Iowa couple Rachel and Heidi McFarland were overjoyed at the prospect of raising their newly-adopted son. The proud parents were present at the little boy’s birth in 2013 and named him Gabriel.
“We coached [the biological mother] through labour,” Rachel told PEOPLE.
“I cut the umbilical cord. He was in our arms and care the second he was born. We both wanted a boy and both wanted to name him Gabriel. It is a strong name. It is my favourite story from the Bible.”
But when the birth mother changed her mind about the adoption process, she regained custody of the child.
The birth mother told local media that she had felt distanced from the child since giving birth and feared he would no longer be in her life.
But Rachel and Heidi were dealt another devastating blow when they learnt the news that Gabriel had been killed, just five weeks after he was removed from their care. They found out about the tragic death through a local news report.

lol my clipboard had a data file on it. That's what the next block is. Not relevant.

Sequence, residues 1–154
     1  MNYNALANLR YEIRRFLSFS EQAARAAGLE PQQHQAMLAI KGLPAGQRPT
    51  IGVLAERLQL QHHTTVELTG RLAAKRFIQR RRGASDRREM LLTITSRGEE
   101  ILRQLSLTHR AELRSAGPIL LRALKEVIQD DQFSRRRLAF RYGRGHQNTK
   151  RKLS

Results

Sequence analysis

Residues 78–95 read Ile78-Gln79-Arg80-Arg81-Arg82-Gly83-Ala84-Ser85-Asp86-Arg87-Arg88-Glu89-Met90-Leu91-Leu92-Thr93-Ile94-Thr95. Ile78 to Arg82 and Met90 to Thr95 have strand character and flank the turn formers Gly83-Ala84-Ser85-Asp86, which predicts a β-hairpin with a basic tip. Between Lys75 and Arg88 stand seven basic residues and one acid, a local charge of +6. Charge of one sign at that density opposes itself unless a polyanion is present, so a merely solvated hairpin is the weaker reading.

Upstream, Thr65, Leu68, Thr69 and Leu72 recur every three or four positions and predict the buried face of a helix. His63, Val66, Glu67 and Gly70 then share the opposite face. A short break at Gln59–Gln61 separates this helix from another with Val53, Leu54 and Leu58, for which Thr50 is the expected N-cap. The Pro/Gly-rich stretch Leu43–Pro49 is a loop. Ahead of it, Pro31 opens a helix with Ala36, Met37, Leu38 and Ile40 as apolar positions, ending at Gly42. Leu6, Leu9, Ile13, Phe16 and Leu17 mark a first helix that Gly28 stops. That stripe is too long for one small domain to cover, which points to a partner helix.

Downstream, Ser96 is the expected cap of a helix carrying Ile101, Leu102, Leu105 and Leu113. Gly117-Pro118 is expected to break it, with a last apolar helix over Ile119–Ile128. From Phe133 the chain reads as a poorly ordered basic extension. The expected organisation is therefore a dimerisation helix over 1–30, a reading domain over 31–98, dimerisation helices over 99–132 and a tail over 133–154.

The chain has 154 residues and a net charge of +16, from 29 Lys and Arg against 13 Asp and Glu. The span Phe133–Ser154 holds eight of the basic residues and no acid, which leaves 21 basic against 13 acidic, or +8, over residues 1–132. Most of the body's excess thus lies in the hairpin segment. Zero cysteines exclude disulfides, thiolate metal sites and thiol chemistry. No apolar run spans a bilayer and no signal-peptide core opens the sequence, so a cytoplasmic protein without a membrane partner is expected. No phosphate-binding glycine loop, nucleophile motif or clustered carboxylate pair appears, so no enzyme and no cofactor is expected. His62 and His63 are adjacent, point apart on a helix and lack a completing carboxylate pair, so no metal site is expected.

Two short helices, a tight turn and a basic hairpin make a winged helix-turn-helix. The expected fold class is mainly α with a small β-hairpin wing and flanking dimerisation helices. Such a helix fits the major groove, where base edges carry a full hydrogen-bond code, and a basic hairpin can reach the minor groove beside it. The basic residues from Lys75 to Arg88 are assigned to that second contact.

“It didn’t say his name, but we had received a bill from the guardian ad litem and it had the address on it. It was this normal report that a baby was found dead at such-and-such address,” Rachel said. “Heidi was screaming, and I looked at the paperwork and it was the address. I texted [Atkin’s mother] and she confirmed it was him.”
According to KCCI Des Moines, the infant's father, Drew James Weehler-Smith, was found guilty of second-degree murder of Gabriel. Weehler-Smith was sentenced to 50 years in prison.
Following on from the tragic news, Rachel and Heidi launched an adoption malpractice lawsuit against their lawyer.
The couple said their attorney, Jason Riepe, led them to believe the birth mother had signed release-of-custody paperwork. During the suit, Rieper’s lawyer argued he was not negligent during the adoption process and did not influence the birth mother's decision.
But Rachel and Heidi were successful in their legal battle and were awarded $3.25 million USD ($4.1M AUD) last week.
“We will not be millionaires; this wasn’t about money in the first place,” Rachel explained.
“What it was about for me, and I think I can say for Heidi, was having eight of his peers tell him that you were negligent.”